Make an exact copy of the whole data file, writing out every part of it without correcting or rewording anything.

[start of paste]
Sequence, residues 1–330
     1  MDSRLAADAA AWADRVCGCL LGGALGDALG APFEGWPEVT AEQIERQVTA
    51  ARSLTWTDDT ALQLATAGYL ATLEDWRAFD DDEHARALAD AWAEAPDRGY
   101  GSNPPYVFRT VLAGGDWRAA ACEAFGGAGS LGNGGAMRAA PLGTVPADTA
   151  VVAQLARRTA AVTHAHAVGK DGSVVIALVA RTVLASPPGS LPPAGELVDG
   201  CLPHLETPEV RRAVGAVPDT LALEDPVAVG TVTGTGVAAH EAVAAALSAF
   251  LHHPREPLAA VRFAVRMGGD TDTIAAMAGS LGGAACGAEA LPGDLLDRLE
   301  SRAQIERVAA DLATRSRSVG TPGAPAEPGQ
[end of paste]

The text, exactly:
Sequence, residues 1–330
     1  MDSRLAADAA AWADRVCGCL LGGALGDALG APFEGWPEVT AEQIERQVTA
    51  ARSLTWTDDT ALQLATAGYL ATLEDWRAFD DDEHARALAD AWAEAPDRGY
   101  GSNPPYVFRT VLAGGDWRAA ACEAFGGAGS LGNGGAMRAA PLGTVPADTA
   151  VVAQLARRTA AVTHAHAVGK DGSVVIALVA RTVLASPPGS LPPAGELVDG
   201  CLPHLETPEV RRAVGAVPDT LALEDPVAVG TVTGTGVAAH EAVAAALSAF
   251  LHHPREPLAA VRFAVRMGGD TDTIAAMAGS LGGAACGAEA LPGDLLDRLE
   301  SRAQIERVAA DLATRSRSVG TPGAPAEPGQ